Expectation value of mean momentum from ground state energy

  • #1
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1. The problem statement
Consider a particle of mass m under the action of the one-dimensional harmonic oscillator potential. The Hamiltonian is given by
[tex] H = \frac{p^2}{2m} + \frac{m \omega ^2 x^2}{2} [/tex]
Knowing that the ground state of the particle at a certain instant is described by the wave function
[tex] \psi(x) = (\frac{m \omega}{\pi \hbar})^\frac{1}{4} e^{-\frac{m \omega x^2}{2 \hbar}} [/tex]
calculate (for the ground state)
a) the mean value of the position <x>
b) the mean value of the position squared <x2>
c) the mean value of the momentum <p>
d) the mean value of the momentum squared <p2>

Homework Equations


[tex] H = \frac{p^2}{2m} + \frac{m \omega ^2 x^2}{2} [/tex]
[tex] <x^2> = \int_{-\infty}^{\infty} \psi^*(x) x^2 \psi(x) dx [/tex]
[tex] <p^2> = - \hbar ^2 \int_{-\infty}^{\infty} \psi^*(x) \frac{\partial^2 \psi(x)}{\partial x^2} dx [/tex]

The Attempt at a Solution


My question relates to the fourth part of the question so I'll give the first three answers here.
[tex] a) <x> = 0 [/tex]
[tex] b) <x^2> = \frac{\hbar}{2m \omega} [/tex]
[tex] c) <p> = 0 [/tex]

I attempted to relate <p2> to <x2> by assuming that
[tex] H = E = E_k + V = \frac{p^2}{2m} + \frac{1}{2} m \omega^2 x^2 [/tex] and using the ground state energy of a harmonic oscillator:
[tex] E = \frac{1}{2} \hbar \omega [/tex]
I then took the expectation value of both sides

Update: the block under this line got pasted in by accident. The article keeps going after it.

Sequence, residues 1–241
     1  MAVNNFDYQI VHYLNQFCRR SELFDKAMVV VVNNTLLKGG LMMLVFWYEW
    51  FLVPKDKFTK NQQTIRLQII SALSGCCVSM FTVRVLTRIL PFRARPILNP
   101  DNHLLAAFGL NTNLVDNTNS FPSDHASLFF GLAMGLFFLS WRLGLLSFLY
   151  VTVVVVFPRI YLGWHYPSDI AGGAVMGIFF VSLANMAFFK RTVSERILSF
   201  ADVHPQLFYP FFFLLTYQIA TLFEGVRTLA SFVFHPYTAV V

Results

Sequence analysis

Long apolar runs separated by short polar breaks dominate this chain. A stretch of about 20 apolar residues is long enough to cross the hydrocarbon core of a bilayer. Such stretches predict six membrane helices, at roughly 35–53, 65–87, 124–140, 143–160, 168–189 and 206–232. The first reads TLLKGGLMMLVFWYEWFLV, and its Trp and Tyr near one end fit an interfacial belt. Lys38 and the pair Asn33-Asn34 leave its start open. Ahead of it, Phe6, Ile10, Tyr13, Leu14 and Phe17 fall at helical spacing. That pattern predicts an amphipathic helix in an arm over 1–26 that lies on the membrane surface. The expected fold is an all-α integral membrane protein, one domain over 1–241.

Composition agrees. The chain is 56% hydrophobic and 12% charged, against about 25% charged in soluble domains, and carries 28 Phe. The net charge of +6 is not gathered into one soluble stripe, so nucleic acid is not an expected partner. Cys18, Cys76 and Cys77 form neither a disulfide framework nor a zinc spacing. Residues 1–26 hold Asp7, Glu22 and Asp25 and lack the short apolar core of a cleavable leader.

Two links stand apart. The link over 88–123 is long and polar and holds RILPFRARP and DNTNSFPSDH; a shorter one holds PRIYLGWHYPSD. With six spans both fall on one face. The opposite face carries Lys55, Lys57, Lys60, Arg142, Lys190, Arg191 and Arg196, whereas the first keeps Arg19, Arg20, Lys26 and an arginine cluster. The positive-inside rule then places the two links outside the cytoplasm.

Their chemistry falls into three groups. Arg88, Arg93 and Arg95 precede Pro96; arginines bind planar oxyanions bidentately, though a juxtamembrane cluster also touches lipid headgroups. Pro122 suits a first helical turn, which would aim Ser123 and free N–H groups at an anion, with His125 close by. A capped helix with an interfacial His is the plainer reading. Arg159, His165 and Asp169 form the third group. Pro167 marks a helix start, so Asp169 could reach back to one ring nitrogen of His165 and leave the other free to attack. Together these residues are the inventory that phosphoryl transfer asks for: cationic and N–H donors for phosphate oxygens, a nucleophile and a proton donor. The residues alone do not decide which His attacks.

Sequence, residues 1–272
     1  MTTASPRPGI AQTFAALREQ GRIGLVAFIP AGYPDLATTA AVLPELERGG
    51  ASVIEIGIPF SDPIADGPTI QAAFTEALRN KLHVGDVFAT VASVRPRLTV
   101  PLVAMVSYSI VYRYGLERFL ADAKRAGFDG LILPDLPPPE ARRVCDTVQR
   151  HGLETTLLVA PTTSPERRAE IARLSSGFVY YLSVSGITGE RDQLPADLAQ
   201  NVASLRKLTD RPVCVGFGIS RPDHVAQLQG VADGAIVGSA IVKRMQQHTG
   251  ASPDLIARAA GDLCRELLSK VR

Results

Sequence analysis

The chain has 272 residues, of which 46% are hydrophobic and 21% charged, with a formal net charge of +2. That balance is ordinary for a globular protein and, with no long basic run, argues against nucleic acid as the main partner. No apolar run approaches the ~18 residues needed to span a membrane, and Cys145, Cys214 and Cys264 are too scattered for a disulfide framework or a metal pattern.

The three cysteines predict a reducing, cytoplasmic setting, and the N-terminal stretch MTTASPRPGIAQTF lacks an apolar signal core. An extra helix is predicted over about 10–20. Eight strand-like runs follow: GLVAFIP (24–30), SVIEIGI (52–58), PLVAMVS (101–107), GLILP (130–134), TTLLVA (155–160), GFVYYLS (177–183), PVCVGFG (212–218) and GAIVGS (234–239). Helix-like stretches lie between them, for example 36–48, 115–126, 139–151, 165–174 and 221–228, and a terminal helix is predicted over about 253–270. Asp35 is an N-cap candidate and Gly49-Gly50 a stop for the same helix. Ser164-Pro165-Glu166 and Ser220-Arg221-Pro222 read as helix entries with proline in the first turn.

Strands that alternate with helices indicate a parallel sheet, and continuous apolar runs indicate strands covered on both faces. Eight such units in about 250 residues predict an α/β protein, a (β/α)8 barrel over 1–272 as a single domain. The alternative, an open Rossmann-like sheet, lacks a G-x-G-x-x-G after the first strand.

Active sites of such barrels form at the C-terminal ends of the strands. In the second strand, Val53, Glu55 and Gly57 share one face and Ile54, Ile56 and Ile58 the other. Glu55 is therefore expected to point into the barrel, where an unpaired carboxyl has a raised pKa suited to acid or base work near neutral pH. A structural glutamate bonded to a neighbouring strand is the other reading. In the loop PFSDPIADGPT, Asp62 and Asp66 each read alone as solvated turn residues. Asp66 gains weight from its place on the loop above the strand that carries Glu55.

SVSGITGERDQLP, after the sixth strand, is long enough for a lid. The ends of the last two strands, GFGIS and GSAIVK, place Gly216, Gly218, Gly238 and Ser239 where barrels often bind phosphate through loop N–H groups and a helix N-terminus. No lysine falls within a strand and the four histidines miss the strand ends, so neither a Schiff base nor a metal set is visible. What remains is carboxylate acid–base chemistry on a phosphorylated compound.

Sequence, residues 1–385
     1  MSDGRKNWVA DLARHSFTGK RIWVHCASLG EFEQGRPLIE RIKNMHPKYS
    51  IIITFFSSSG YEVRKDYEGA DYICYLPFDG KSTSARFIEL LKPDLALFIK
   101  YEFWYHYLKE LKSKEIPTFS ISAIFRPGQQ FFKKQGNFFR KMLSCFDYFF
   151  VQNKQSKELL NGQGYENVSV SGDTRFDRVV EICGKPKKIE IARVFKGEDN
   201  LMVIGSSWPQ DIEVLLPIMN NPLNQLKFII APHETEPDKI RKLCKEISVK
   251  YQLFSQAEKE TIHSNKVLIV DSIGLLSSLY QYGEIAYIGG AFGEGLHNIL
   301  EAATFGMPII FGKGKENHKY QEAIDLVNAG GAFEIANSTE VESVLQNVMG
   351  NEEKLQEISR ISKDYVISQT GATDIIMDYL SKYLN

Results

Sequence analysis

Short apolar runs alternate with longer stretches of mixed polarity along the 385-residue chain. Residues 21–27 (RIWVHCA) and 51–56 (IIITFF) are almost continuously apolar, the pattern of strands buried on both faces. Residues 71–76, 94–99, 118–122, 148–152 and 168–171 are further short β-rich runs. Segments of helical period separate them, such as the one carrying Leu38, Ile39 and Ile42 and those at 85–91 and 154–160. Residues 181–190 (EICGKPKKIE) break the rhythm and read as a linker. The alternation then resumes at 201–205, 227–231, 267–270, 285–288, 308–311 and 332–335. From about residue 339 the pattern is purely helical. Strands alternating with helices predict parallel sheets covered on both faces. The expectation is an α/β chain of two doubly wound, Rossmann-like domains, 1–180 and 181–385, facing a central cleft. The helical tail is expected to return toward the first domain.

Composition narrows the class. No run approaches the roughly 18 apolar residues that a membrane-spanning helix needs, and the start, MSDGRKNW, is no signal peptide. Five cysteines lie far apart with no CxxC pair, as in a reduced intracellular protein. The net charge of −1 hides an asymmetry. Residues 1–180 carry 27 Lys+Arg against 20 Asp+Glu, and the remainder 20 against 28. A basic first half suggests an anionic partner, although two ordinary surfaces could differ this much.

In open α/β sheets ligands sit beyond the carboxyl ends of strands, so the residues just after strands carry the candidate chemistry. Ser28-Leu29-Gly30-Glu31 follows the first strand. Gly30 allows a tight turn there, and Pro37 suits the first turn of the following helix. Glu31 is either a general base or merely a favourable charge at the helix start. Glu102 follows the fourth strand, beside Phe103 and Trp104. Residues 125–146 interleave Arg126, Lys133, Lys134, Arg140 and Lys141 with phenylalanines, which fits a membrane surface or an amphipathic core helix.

[tex] <E> = \frac{1}{2} \hbar \omega = \frac{1}{2m} <p^2> + \frac{1}{2} m \omega^2 <x^2> [/tex]
[tex] \frac{1}{2} \hbar \omega = \frac{1}{2m}<p^2>+\frac{1}{2}m \omega^2 \frac{\hbar}{2m\omega}[/tex]
[tex] \frac{1}{2} \hbar \omega = \frac{1}{2m}<p^2> + \frac{1}{4}\hbar \omega [/tex]
[tex] <p^2> = \frac{1}{2} m \omega \hbar [/tex]

I'm just not sure if I'm correct in my assumptions. Can I assume H = E in this situation?
 

Answers and Replies

  • #2
kuruman
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Can I assume H = E in this situation?
No you cannot. H is an operator, E is an energy (scalar). However, you can assume that the expectation value <H> = E1 because ##\psi(x)## is the ground eigenfunction.
 
  • #3
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No you cannot. H is an operator, E is an energy (scalar). However, you can assume that the expectation value <H> = E1 because ##\psi(x)## is the ground eigenfunction.
So then my answer is correct, I just made the wrong assumption?
 
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  • #4
PeroK
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So then my answer is correct, I just made the wrong assumption?
Yes, that's a neat shortcut and better than calculating ##\langle p^2 \rangle## by hand.
 
  • #5
57
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Yes, that's a neat shortcut and better than calculating ##\langle p^2 \rangle## by hand.
Excellent! Thanks for the confirmation. A few of my classmates have tried out the integral by hand and gotten the same answer. I'm just really lazy.
 

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